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Charlotte Apartments to be rehabbed for veteran housing

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Midtown’s latest housing development project is not targeted at Wayne State students or young urban pioneers. Detroit Central City Community Mental Health, Inc. (DCC) will be renovating the vacant Charlotte Apartments at 644 Charlotte in Midtown, which will serve as housing for veterans, homeless, and people with disabilities.
 
DCC is a nonprofit agency that has been in Midtown for over 40 years providing outpatient psychiatric services and more to the homeless, special needs, and mentally ill.

"Really we’re in the old Cass Corridor where a lot of people are still homeless," says Henrietta Warren, Vice President of DCC. "Over the years we have been increasing our housing abilities. Because of the large number of consumers we see who are also vets, we really have an interest in providing safe and affordable housing for them." Warren says that of the 4,000 people DCC serves annually, approximately 40 percent are homeless.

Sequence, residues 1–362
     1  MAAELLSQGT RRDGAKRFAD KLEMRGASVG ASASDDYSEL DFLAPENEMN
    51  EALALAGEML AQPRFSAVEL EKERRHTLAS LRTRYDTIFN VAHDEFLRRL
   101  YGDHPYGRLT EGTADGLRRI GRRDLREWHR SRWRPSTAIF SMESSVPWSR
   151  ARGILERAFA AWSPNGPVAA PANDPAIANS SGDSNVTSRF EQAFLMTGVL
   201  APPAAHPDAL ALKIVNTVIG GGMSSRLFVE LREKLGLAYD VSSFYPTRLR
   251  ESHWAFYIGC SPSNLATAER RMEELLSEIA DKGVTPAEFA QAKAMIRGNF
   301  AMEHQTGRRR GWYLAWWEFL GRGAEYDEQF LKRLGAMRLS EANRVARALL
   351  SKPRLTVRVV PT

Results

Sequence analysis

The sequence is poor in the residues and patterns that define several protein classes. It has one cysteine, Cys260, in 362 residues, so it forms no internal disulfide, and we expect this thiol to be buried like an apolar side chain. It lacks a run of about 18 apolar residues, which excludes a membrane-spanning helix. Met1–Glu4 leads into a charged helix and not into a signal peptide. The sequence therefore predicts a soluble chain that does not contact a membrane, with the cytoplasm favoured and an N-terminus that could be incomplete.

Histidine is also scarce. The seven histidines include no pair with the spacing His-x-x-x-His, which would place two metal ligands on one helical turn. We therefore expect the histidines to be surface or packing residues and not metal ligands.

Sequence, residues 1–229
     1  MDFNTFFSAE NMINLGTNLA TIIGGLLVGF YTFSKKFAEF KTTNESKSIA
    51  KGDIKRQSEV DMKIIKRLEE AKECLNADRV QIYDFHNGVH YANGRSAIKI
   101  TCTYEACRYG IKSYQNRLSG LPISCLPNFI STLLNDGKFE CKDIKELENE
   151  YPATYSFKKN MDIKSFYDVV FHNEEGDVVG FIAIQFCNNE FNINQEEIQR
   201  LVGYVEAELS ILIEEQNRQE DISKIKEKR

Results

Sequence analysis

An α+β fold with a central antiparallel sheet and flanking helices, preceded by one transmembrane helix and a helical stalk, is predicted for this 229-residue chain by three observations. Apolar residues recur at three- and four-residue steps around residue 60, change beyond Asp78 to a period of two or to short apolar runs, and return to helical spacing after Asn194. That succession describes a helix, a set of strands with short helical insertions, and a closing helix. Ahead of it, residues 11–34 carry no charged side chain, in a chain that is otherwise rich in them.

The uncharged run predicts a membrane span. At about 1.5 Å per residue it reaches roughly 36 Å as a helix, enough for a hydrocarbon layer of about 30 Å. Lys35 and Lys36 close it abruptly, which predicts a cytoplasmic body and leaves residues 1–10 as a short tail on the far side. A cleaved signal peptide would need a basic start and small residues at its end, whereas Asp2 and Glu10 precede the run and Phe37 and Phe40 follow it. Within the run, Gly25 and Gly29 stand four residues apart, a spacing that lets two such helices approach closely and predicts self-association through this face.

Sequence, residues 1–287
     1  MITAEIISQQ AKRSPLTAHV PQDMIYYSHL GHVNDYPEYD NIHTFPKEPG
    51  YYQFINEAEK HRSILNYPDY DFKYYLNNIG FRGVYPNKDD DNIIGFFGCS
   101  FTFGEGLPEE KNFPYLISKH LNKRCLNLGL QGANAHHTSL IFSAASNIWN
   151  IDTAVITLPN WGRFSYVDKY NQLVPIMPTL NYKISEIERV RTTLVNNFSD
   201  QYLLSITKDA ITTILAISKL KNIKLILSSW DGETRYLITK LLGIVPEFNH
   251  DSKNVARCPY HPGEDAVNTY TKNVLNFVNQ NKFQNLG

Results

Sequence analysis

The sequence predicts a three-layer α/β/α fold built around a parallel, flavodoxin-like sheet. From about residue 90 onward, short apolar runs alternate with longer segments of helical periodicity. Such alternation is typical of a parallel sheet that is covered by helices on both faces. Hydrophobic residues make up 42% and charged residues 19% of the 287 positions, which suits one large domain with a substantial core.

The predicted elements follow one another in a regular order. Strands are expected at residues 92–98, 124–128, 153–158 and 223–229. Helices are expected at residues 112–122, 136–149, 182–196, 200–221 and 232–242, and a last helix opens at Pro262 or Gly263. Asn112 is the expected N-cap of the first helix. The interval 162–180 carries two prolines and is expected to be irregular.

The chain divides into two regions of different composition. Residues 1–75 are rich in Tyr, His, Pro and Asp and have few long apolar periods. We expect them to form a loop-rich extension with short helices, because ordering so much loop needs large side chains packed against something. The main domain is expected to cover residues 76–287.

The $6.1 million project will create 27 one-bedroom units in the historic Charlotte Apartments. The building itself was built in 1920, but has sat vacant for at least the last 10 years. The project is being funded by City of Detroit HOME Funds, MSHDA low-income housing tax credits, and Brownfield Tax Credits, plus $300,000 from the Home Depot Foundation, which earmarks a portion of the foundation’s annual gift money specifically for vet housing. Joe Early of Early Construction, who originally purchased the building from Wayne County, is a partner in the development.

The complex will have a community room, computer lab, library, meeting rooms, and a common laundry room. The units will serve veterans, homeless, and those with "severe and persistent mental illness," which will enable DCC "to provide easy access to mental health services as well as affordable housing." Veterans will be given the first opportunity to obtain housing.

Construction is slated to begin in May and will take about a year to complete. 

Source: Henrietta Warren, Vice President of Detroit Central City Community Mental Health, Inc.
Writer: Nicole Rupersburg

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